I take a sip, followed by a gulp. This mocha is good, in fact, it’s superb. I first became giddy about mocha through my near others’ vices. Both my husband and a very close friend swoon over mochas and before I knew it, auditory bombardment of the request, “Give me a mocha please”, soon saw me ordering it. Call me easily influenced, if you so please. But I never realised the implications of becoming a mocha drinker in the big wide world that is the Melbourne cafe scene. Melbournites pride themselves on the state of their coffee and baristas are lauded as the darlings of urban Melbourne.
That aside, ordering a mocha here in an unfamiliar cafe is like Russian Roulette.
Even some of the best cafes in Melbourne have served me the shoddiest of mochas. On entry, I skim the counter quickly to determine the fate of ordering a mocha. If I sight syrup, the show is over and a cappuccino it shall be. I’m skeptical about powder, unless it’s a boutique one from a few establishments. Invariably powder leaves me tetchy and unfulfilled- clumped and sickly sweet it sits at the base of my cup testament more to it’s sugar lineage than any cocoa bean genealogy.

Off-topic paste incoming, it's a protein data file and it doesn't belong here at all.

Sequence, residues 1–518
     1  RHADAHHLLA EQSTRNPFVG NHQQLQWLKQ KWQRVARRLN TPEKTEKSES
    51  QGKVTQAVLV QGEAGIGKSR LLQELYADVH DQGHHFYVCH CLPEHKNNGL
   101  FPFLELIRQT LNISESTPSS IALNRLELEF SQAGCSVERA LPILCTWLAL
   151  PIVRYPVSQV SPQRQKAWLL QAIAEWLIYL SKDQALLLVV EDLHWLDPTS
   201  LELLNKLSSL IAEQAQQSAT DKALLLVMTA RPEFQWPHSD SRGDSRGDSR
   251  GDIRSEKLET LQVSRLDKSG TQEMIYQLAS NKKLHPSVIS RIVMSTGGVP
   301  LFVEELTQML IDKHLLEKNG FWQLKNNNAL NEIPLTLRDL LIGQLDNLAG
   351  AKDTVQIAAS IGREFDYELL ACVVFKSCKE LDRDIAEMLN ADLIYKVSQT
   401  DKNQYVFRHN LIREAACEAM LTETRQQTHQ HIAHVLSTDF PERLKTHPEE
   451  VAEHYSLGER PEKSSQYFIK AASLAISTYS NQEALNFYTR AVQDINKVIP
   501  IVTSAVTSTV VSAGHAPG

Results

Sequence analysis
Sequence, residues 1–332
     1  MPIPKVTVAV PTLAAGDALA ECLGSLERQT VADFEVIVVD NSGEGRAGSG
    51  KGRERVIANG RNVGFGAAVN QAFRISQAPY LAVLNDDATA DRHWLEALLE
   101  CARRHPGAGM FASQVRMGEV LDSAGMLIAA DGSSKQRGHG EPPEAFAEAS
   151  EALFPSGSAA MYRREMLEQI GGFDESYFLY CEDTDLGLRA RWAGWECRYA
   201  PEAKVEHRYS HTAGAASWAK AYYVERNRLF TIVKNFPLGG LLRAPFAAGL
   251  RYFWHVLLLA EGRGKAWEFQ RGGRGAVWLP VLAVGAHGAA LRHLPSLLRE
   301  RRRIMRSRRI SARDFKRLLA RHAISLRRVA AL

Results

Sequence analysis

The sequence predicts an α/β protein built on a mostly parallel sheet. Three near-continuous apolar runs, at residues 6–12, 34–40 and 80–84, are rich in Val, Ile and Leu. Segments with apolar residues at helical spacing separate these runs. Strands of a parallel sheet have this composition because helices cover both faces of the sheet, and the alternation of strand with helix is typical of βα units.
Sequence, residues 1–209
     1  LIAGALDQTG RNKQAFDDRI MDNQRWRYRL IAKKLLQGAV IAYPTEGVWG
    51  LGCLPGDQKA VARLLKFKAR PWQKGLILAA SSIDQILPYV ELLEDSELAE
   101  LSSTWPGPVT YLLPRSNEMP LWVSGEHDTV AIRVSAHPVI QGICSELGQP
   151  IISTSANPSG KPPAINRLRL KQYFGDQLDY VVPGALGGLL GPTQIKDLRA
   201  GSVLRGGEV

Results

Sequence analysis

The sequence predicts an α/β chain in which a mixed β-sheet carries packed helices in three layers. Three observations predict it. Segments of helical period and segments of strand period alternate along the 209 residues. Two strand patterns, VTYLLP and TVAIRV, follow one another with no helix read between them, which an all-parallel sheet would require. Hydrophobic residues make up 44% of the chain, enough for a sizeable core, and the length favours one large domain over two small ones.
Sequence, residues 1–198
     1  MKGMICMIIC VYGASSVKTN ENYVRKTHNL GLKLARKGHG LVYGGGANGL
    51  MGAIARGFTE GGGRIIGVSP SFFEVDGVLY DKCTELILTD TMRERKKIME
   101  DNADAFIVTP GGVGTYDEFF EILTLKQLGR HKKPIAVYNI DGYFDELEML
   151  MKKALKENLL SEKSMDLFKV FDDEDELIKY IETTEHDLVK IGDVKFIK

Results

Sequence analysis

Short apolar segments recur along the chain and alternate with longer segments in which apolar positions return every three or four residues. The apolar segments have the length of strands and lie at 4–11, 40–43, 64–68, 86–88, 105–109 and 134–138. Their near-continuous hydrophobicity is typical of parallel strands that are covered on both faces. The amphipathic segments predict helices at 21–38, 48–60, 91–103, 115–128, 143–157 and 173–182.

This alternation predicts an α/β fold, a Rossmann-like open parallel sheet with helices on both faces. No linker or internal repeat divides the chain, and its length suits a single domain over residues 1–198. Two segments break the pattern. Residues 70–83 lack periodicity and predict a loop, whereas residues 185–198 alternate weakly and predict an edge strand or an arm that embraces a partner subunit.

At this point in my epistle it should come as no surprise that I’m overjoyed to have sipped the best mocha in a long time. Right on my window seat at home. We purchased some old school Colombian block of cocoa mass goodness, unsweetened and sourced from Melbourne’s little Spanish supermarket Casa Iberica. Snapping the block into pieces, I plopped a few into our little red saucepan and topped it with milk while the stovetop espresso steamed and erupted it’s aromatic gold crema topped brew. Once the milk bubbled at the edges, it moved from a white tint to a light mahogany, I poured it over the coffee shot and commenced my trip to utopia. The cocoa wraps around the black coffee, caressing it yet not overpowering it. We drink it slowly, contentedly. The aroma of chocolate lingers in our little apartment for the whole morning. Loca for mocha.